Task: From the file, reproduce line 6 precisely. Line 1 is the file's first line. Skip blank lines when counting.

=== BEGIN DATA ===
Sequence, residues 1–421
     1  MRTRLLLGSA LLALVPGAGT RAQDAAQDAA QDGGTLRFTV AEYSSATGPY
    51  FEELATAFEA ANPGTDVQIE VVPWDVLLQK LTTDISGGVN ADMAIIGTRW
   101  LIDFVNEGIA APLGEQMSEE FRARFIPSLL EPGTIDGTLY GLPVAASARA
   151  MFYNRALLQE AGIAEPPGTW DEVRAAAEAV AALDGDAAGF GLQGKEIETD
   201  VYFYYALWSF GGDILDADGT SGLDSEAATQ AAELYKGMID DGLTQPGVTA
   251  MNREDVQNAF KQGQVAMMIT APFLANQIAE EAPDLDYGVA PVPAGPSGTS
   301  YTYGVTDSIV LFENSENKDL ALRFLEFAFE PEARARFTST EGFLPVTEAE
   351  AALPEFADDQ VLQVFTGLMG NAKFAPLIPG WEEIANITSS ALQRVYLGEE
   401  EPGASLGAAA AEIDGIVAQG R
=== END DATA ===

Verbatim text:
   201  VYFYYALWSF GGDILDADGT SGLDSEAATQ AAELYKGMID DGLTQPGVTA